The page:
When kids leave home, you get your life back.

November 24, 1996|By Susan Reimer | Susan Reimer,The Baltimore Sun

Connie and I have known each other since the seventh grade and we, along with our friend Nancy, walked arm-in-arm through adolescence, three abreast so that anyone who met us on that road had to step aside to let us pass.

Nancy was pretty, I was funny and Connie had a core of strength that drew us to her as if it were magnetic and we were metal shavings.

The three of us now live time zones apart, but when we are together, we soon relax into a pattern that is as comfortable as a beanbag chair, a pattern that is a memory of how we used to be with one another.

We see one another every year or so. Sometimes, it is just two of us, but never without one of us quoting this verse from the Bible: "Whenever two or more of you are gathered, there also will I be."

It was just Connie and I this time for a weekend at her home in upstate New York. Her husband was away on a business trip and her daughter and stepdaughters were away at college.

As the last child packed for school, Connie and Bill built a hot tub in the space the children once occupied, knowing there would be little money for any other amusements until they finished paying three sets of tuitions.

So that weekend, Connie and I soaked and drank wine and "talked until our tongues were tired," as the Dan Fogelberg song says. Connie's hair is streaked gray and mine might be, too, and both of us need glasses to read. But underneath the skin made bright pink in that hot tub, we were the same girls we were in high school.

Except in one important way.

My friend Connie is an empty-nester.

Connie was having a baby while I was touring the country in a van, and our lives are out of phase now. I am still in the thick of raising children, and hers are all but launched.

"I thought I would cry when I left Jessica at college," said Connie. "And I did, for about 50 miles out of town. After that, I was fine, and it has been great since."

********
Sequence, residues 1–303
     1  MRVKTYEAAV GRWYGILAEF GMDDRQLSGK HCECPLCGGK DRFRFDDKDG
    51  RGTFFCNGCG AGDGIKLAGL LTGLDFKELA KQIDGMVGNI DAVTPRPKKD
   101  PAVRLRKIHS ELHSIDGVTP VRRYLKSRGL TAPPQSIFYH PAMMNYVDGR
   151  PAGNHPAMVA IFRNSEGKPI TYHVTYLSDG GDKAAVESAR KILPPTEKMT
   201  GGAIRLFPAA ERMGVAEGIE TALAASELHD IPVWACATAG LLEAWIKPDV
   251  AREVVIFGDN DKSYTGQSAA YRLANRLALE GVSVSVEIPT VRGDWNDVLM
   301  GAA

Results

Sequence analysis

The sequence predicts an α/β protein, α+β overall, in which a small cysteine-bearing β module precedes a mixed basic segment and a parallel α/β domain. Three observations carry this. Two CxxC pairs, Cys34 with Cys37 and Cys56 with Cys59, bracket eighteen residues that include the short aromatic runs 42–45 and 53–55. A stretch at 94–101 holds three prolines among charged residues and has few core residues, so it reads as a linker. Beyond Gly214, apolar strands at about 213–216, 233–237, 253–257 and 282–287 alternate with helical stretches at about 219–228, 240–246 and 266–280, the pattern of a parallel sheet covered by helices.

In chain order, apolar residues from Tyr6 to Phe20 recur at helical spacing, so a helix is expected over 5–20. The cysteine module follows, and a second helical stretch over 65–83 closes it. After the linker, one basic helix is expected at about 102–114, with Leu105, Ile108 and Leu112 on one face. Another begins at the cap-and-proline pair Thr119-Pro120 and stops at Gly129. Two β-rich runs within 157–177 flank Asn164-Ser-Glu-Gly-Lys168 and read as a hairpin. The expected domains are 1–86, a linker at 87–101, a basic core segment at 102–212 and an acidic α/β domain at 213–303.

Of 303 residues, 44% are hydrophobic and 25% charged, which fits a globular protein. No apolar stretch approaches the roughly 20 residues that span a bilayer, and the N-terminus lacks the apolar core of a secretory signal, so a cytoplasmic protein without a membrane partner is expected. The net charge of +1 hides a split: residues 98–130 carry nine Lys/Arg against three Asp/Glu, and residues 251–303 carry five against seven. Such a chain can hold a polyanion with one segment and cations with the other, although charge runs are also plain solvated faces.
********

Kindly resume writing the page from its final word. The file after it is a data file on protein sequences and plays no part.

Connie and Jessica were more like best friends than mother and daughter for the years after her divorce, so I feared she would miss her child more keenly. But she has substituted the friendship of her husband, and the childless-except-for-semester-breaks life they live made me envious.

With each new revelation of their delightful life together, I moaned in physical pain. Apparently, you don't have to lie like an empty husk in a frozen cornfield when your children leave home. You don't have to rattle around your house, digging the grooves of empty routine. You don't have to sit silently across from each other while waiting to be served the early-bird special.

Connie and Bill work just a mile or two apart and have lunch together nearly every day, sometimes going home for it. They golf every Friday after work in a languid winding down that often ends with a light supper out. Connie doesn't cook much these days. Her fridge is filled only with gourmet coffee and those little orange-juice cartons I am still packing in lunches.

Connie and her husband golf again during the weekend and again at least once after work, so Connie says she doesn't clean until it snows. That is OK, because there is no one to make a mess and everything stays where she puts it.

They travel when they can with the frequent-flier miles they have accumulated paying tuitions with a credit card, but there isn't much money for that, and so their life is not punctuated by the getaway weekends that save many a marriage with children. That is because they still like each other and they don't have to leave town to remember it.

The irritations of marriage are not there between Connie and Bill, and I realized something I will not know for myself until my nest is empty. Those irritations are often born of the logistics and busyness of raising children. The misunderstandings occur when you cannot complete a sentence, let alone a conversation, with your partner without a small voice calling you from another room.

I realized that if the husbands and wives I know could end their busy days in a hot tub together, talking until their tongues were tired, they might realize that underneath the pink skin, they are the same two people they were when they fell in love.

Pub Date: 11/24/96

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